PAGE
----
Imagine going to a street corner, ready to cross at the cross-walk, then asking your guide dog to obey the command, “Elvis, Forward”, only to be met with a sudden stop.  You’re confused, disoriented even.  You come to this intersection every day and know it like the back of your hand.  You ask your trusted friend again.  He spins you 180 degrees around, only to take you back to your lonely apartment.  Why?  There’s a 3 foot wall of snow blocking the intersection. Guide dogs have been trained specifically NOT to guide the blind on uneven, icy, or snowy footing. These dogs have been taught something unique from ANY other animal on the planet.  It’s a built-in ‘governor’ if-you-will, that allows the dog to have the veto power in the relationship.  If given a specific command by his handler that the dog deems unsafe, the dog is TRAINED to disobey his owner.  Once you have asked the same command twice, the dog will shut down or re-route you to a safer location to cross or avoid the unsafe area entirely.  It is paramount to our safety as blind travelers.


I am now entering into my 5th official winter as a blind person traveling formerly with a cane, and later a Guiding Eyes for the Blind Guide Dog.  I had no idea what I was truly getting myself into the day I finally turned in my driver’s license on December 11th 2008.  I envisioned lots of friends with cars who would assist me in getting to places like the grocery store, and an easy commute to my job as the Fine Wine Buyer for a major chain of retail stores.  I was ill prepared for the reality of what was to come.  


I was born and raised in Westchester County in New York State.  Growing up I lived in a semi-rural area with no sidewalks and invisible neighbors, surrounded by thick woods and lined by stone walls and fields with our horses grazing peacefully.  I never ever envisioned myself as a city dweller, nor did I ever aspire to be.  The hustle and bustle, the noise, the smells, and the vast display of concrete held little appeal to me.  Never would I have imagined at 33 years of age that my first piece of advice upon losing my sight was to ‘move to the city’.  The thought terrified me at the time, but 5 years later, I’m beginning to ‘see’ the wisdom in this advice.


With limited vision, travel is already a challenge.  The wisest decision I’ve made in the past five years was to move from suburbia in the town of Fairfield CT, to downtown Greenwich, near shops, transit and my gym and PEOPLE.  Living in Fairfield made me truly feel isolated and disabled in a way that rocked me to my core.  I was terribly depressed and felt utterly hopeless at times.  The 3/4 mile walk to the bus stop felt like an insurmountable object to my independence. The town left sidewalk maintenance in the hands of the homeowners, with a statute indicating that they were required to clear the sidewalk within 12 hours of the first snowfall.  Needless to say, no one enforced this, and I would spend the winter months stuck at home, alone and isolated from my formerly busy social life.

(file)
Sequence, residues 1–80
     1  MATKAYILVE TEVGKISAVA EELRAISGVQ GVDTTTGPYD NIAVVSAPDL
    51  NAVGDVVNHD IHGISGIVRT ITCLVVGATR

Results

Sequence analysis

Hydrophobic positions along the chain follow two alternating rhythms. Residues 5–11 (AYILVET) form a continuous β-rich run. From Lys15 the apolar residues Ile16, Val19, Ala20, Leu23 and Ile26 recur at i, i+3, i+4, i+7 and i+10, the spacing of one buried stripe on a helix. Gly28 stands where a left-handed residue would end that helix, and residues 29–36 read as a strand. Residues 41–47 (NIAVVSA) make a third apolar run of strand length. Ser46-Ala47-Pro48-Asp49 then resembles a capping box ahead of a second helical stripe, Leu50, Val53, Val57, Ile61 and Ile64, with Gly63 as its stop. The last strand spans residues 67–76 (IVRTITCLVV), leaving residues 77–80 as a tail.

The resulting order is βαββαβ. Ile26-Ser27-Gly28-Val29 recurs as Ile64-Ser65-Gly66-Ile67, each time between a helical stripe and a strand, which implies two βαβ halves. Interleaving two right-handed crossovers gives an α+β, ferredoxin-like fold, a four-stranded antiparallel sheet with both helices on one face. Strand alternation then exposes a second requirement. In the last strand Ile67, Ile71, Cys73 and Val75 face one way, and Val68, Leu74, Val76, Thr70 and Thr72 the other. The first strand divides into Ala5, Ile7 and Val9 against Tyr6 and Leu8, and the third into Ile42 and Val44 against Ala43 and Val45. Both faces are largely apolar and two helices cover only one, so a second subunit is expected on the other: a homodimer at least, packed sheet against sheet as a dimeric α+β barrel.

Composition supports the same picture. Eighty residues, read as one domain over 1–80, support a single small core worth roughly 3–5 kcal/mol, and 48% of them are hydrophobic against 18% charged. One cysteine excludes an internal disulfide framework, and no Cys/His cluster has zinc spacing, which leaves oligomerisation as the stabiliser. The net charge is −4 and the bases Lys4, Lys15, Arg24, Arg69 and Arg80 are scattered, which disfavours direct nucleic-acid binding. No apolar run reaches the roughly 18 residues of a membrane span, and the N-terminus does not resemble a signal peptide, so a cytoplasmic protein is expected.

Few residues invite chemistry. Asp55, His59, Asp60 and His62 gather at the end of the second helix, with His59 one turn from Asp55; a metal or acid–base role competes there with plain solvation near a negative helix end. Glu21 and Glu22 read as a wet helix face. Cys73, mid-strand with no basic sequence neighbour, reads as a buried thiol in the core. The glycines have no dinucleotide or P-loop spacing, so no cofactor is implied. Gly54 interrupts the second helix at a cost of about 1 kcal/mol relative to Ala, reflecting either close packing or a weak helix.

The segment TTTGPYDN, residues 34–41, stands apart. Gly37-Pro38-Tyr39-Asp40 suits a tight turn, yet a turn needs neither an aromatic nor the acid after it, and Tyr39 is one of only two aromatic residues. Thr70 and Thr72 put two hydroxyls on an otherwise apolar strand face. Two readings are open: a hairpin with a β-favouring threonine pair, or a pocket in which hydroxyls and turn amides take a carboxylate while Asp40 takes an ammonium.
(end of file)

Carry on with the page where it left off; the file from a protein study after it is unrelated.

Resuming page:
Bus travel is the cheapest and generally most reliable travel aid to the disabled community.  Most disabled fares are less than $1, and you can get to a variety of places depending upon your proximity to a major city.  My wise decision to move to Greenwich gives me a few good options, provided that my transit is along the major thoroughfare, which is known as Route 1 or the Boston Post Road, which literally runs from Boston to Florida.  Elvis is not a huge fan of the bus, as we generally sit near the front in the handicap seat, where he gets stepped on, petted, shoved, and slides helplessly on his belly each time the bus comes to a sudden stop (nearly every two blocks for more than 8 miles).  I’m not a huge fan of the bus, as it’s difficult to find a safe place to keep Elvis out of the way, and find the floor to be particularly disgusting in the winter, causing my beautiful Blonde Labrador to look unkept and dirty.  Plus, I’m prone to motion sickness, and the constant abrupt starts and stops tend to set me over the edge.  I end up having to make small talk with curious onlookers who are admiring my dog, and sometimes have to hold his head in my lap, as many bus riders are terrified of dogs.